...Another game only played by ali'i used bows and arrows and was called pana 'iole, or rat shoot. It was played in a field or a small circular area enclosed by a low wall.
    Many of these ancient sports are similar to competitions at the Olympic Games in modern times. Can you imagine having a "Hawaiian Bobsled Team" (hey, if the Jamaicans could do it, why not the Hawaiians? ) Or competing in javelin throwing or distance running or boxing or wrestling?

    The kanaka maoli of ancient times were vigorous, hardy people who enjoyed physical activity and being outdoors.

    Miulang

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  • damontucker
    replied
    Re: UH Haka

    Originally posted by Pua'i Mana'o View Post
    there is no ass to give a rat, because football is not a Hawaiian sport, and the idea of "mascots" isn't a Hawaiian concept.

    Now, while my panties doesn't twist up too tightly because of appropriating somebody's personal latterday mele like it did when Disney/Mark Ho'omalu used "He Mele No Kalakaua" for "He Mele No Lilo", which means that Disney owns the f***ing rights to a Hawaiian chant for our ali'i, I do see where Louisa is coming from.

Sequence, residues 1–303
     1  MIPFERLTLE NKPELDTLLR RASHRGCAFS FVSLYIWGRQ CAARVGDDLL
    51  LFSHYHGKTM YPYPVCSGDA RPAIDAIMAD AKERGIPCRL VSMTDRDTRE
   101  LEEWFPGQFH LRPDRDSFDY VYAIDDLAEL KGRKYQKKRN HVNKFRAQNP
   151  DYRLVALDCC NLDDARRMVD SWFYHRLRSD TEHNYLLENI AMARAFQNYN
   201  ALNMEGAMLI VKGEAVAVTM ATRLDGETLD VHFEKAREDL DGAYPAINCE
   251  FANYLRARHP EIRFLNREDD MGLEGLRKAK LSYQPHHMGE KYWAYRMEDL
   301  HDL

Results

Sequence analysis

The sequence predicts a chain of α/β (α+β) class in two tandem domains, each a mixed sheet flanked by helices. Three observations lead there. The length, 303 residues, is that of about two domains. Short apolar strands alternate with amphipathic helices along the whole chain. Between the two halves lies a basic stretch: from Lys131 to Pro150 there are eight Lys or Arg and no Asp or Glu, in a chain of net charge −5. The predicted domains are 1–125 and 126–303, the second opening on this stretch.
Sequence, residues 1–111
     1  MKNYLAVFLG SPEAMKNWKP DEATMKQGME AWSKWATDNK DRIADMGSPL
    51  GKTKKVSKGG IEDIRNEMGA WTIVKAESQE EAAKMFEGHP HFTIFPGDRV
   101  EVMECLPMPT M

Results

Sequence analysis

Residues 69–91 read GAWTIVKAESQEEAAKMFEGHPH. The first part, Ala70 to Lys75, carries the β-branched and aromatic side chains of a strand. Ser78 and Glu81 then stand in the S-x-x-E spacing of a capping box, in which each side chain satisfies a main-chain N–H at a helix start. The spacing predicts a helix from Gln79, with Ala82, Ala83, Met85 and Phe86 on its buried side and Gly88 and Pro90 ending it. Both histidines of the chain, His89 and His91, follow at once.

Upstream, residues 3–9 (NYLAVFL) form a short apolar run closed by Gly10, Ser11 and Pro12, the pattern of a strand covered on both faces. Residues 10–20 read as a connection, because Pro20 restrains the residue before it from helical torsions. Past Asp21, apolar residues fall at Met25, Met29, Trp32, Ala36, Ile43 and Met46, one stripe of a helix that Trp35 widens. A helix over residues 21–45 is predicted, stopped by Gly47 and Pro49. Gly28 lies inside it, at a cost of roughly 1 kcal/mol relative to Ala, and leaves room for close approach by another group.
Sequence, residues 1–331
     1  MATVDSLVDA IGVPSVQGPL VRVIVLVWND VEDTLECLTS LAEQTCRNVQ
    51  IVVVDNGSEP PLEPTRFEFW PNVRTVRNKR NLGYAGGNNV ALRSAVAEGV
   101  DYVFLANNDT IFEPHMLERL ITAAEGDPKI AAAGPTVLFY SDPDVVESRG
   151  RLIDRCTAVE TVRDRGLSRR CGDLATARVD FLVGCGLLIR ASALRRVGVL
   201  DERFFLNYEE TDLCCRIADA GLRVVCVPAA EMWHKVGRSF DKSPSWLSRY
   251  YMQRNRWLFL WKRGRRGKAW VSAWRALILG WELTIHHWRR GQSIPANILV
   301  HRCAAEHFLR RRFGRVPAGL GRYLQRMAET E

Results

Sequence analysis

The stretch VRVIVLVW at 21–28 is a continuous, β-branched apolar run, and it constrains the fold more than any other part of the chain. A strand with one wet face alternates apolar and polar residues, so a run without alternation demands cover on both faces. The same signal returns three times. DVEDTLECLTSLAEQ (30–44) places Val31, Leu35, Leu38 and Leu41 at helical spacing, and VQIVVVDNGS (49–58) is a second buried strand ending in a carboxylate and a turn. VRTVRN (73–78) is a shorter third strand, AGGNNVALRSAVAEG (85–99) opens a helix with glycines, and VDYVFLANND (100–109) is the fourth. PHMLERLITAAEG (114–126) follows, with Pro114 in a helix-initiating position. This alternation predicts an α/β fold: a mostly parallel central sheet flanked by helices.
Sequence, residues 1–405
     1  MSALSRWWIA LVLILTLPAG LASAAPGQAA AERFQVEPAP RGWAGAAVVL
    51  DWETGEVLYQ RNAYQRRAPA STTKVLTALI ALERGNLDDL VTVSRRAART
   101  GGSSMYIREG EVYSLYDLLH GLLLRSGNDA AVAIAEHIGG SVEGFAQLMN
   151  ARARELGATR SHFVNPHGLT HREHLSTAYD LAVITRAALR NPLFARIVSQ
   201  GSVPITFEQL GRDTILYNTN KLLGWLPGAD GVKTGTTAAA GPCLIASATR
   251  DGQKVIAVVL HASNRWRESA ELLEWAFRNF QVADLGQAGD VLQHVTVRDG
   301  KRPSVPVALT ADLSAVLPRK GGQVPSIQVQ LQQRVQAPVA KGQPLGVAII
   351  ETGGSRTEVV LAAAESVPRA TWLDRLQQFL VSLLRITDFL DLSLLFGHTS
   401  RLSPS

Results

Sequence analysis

I believe that the onus is upon those kanaka on the UH payroll to come up with something more appropriate for their fellow fb team.
    Originally posted by manoasurfer123 View Post
    So then when did Universities and Colleges become a "Hawaiian" thing?
    Originally posted by Miulang View Post
    I dunno why that date would be significant in the world of Hawai'i athletics (I don't really unnerstand Manoa's question to begin with )
    Miulang
    I was just questioning Pua'i assertion that football doesn't have anything to do with Hawaiian Concepts...
    So I was asking anyone out there that might have knowledge...

    What do Universities and Colleges have to do with Hawaiian Customs?

    If we are taking Football to the Hawaiian Connection... why not tie in the whole University and College to the question?

    Are universities and colleges Hawaiian?

    Leave a comment:


  • Miulang